Friday, August 12, 2016

Obituary George Murray

This appeared in the Goulburn Evening Post in 1907:

The following appeared : "IN MEMORIAM. (1907, January 22). Argyle Liberal and District Recorder (NSW : 1903 - 1930), , p. 2. Retrieved August 10, 2016, from "

In penning this belated tribute (through the valuable columns of the "Argyle Liberal ") to the mem-ory of my revered, life-long-friend, George Murray, of Golspie, who just on the eve of the New Year passed over to that " undiscovered country from whose bourne no traveler returneth." I am conscious not only of the loss of a staunch and true personal friend, but of the snapping asunder, as it were, of another of the trusty human links which connected the (to us) callous present with the days of our long lost youth of the thirties and forties—the days when the hardy pioneers first bore the white man's burden across the Great Divide. Some one has written that "Reverence, Love, Obedience, and troops of' friends," are the chief gems in the crown of an honoured old age. If that be so, and no one doubt thatit is; then whose memory better de-serves our wreath of regard than that of brave George Murray—the Grand Old Man of Golspie--who even in his long life-span of 88 years acted on his innate motto--"An honest man's the noblest work of God."

My first acquaintance with Mr. Murray was in 1839--the Dog Days of the thirties--at the Gap, near Goulburn, when Mr. Murray was in the full bloom of lusty youth—verging on the portals of man's estate,and the writer a bit of a nipper some ten years his junior. In later years we had several carrying trips together on the old Sydney road, when " the ship of the desert and the bush—the old bullock dray'—was the chief medium of traffic and transit, between Sydney and the Tablelands, Like the writer and many another country youth of those days, George Murray had his full share of the toils and hardships allied to the ancient Australian industry of bullock punching; but through all the ills and joys; gifts and misfortunes of the years, the sturdy, jovial friend of my boyhood was ever the same true copy of "Nature's Nobleman" - honest, fair-minded, and, genial to a fault. At all times disposed to look on the bright side of things: at home the very soul of hospitality; else- where the best of comrades ; the most reliable of men.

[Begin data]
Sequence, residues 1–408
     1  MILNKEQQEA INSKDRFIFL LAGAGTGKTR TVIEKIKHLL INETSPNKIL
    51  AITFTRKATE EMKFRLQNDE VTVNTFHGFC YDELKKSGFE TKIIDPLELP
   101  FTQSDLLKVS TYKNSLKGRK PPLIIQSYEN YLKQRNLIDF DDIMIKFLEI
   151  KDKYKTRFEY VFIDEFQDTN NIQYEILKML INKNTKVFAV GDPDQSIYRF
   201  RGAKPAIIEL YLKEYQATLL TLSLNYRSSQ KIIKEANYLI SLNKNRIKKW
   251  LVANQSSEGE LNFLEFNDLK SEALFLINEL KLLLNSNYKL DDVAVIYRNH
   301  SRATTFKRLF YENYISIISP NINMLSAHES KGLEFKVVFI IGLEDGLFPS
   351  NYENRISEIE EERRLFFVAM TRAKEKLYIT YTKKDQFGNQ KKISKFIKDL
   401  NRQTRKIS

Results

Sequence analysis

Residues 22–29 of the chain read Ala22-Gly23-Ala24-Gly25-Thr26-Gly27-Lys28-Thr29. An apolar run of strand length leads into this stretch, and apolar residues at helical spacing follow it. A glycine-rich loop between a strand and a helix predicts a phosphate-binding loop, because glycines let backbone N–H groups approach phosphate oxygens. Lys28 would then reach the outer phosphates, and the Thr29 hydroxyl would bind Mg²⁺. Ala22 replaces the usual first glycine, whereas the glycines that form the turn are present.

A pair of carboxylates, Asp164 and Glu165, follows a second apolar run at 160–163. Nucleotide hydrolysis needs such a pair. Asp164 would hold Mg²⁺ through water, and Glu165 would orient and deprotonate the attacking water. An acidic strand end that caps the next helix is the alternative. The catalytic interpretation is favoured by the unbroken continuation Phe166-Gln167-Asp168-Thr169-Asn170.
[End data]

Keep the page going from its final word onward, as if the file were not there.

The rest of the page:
I well remember the occasion of Mr. Murray's marriage at Reedy Flat, Strathaird, some fifty odd years ago. Country weddings in those days had nothing of the social straight-jacket about them, and the guests at Mr. Murray's wedding assembled at the residence of the bride's father, Mr Jas. Cameron, and made pleasure take the helm in celebration of the event for three whole nights and days. At the writer's marriage some years later Mr. Murray was among the many merry friends who "made the rafters ring " at the old Strathaird home-stead for the better part of a week. The last time I saw Mr. Murray (some eight months ago) we talked over those vanished, red letter days of the old time marriage festivals ; and he lamented what we considered to be the lack of sentiment, and the absence of conviviality at many weddings nowadays. None of us were any the worse, for a bit of wholehearted fun on those occasions, as I am sure my good friends, John Broderick, Charles Cowper (ex-Sher-riff), Charles McLean, Sandy Cam- eron, and Patrick Mooney (Taralga), will agree with this remark. The "life story" of such men as George Murray is very largely a reflex of the history of affairs as affecting the humbler class of settlers before the date of responsible government. None could have told more feelingly or clearly than Mr. Murray (for he ever felt and spoke vividly) how those, who under happier circumstances, should have been the prosperous yeomanry and small graziers of the early days - found their applications blocked, their needs denied at every turn by the ruling semi-military caste—the landed officials and grantees of old times.